Sneak Peek: Michael Cevoli’s “Beakheads and Cutwater”
A Rhode Island-based photographer captures the local fishing industry with striking, gritty photos of work at sea.
Michael Cevoli grew up on the water. In his earliest memories from childhood, he’s fishing with his dad. He remembers, too, going overboard on a boating excursion during a family vacation. He was scooped up quick, but he learned something important that day: The ocean is as dangerous as it is beautiful.
Cevoli’s latest exhibition of photography, “Beakheads and Cutwater,” which is on display at the Audubon Environmental Education Center from July 3 through August 31, documents a summer on the water with Rhode Island’s fishermen and women.
“Commercial fishing is an industrial job — a dangerous job,” Cevoli says. “When you mix in something as terrifying as the ocean, the realities are not a Norman Rockwell painting.”
He enjoyed the project, which commenced during the summer of 2012. Every day was an adventure. As a photographer who makes a living on commercial and editorial assignments, Cevoli liked working outside.
“You can’t beat that, as a day at work for a photographer,” he says. “If I was a fisherman, though, I might feel differently.”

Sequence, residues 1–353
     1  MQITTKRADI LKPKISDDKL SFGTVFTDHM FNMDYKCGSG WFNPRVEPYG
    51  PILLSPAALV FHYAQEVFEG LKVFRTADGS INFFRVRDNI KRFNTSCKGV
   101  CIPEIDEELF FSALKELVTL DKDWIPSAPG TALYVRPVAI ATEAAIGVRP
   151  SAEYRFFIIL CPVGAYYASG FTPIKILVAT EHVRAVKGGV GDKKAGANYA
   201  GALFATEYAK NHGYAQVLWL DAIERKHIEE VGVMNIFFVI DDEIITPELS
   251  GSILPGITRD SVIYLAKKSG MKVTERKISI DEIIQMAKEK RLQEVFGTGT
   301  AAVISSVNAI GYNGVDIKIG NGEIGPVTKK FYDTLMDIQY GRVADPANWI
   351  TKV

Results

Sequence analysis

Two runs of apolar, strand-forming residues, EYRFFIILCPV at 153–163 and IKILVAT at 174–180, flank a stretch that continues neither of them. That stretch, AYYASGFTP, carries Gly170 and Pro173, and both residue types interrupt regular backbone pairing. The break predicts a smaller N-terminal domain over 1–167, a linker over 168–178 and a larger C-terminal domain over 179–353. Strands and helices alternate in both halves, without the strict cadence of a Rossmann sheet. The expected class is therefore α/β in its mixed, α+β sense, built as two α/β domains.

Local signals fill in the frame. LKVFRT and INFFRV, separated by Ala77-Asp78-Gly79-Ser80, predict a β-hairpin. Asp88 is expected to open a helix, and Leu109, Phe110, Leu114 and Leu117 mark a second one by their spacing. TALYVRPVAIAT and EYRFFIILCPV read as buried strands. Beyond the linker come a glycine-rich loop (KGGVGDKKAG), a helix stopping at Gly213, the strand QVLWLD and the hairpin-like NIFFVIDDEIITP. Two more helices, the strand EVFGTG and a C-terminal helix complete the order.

Over the course of the summer, he gained an observer’s perspective on hot-button issues in the industry, including overfishing.
“On both sides of things, people are frustrated and seemingly would like to have some kind of resolve,” he says. “But [fishermen and women] consider themselves to be environmentalists. They don’t want to overfish because then they put themselves out of work.”
Cevoli also befriended his subjects, including Steve Menard (above), a fisherman who has spent his life working on the water. Cevoli, who was diagnosed with cancer earlier this year, says Menard and fisherwoman, Corey Wheeler, invited him to the docks immediately after he was released from the hospital.
“I started shooting again, five days later,” Cevoli says. He wrapped his final round of chemo this month. “It was a way to stay distracted and be physical — a huge help, mentally."
Cevoli’s “Beakheads and Cutwater” is on view at the Audubon Environmental Education Center, 1401 Hope Street, Bristol, from July 3 to August 31. The exhibition is free with Audubon admission. For more information about Cevoli’s work, visit michaelcevoli.com.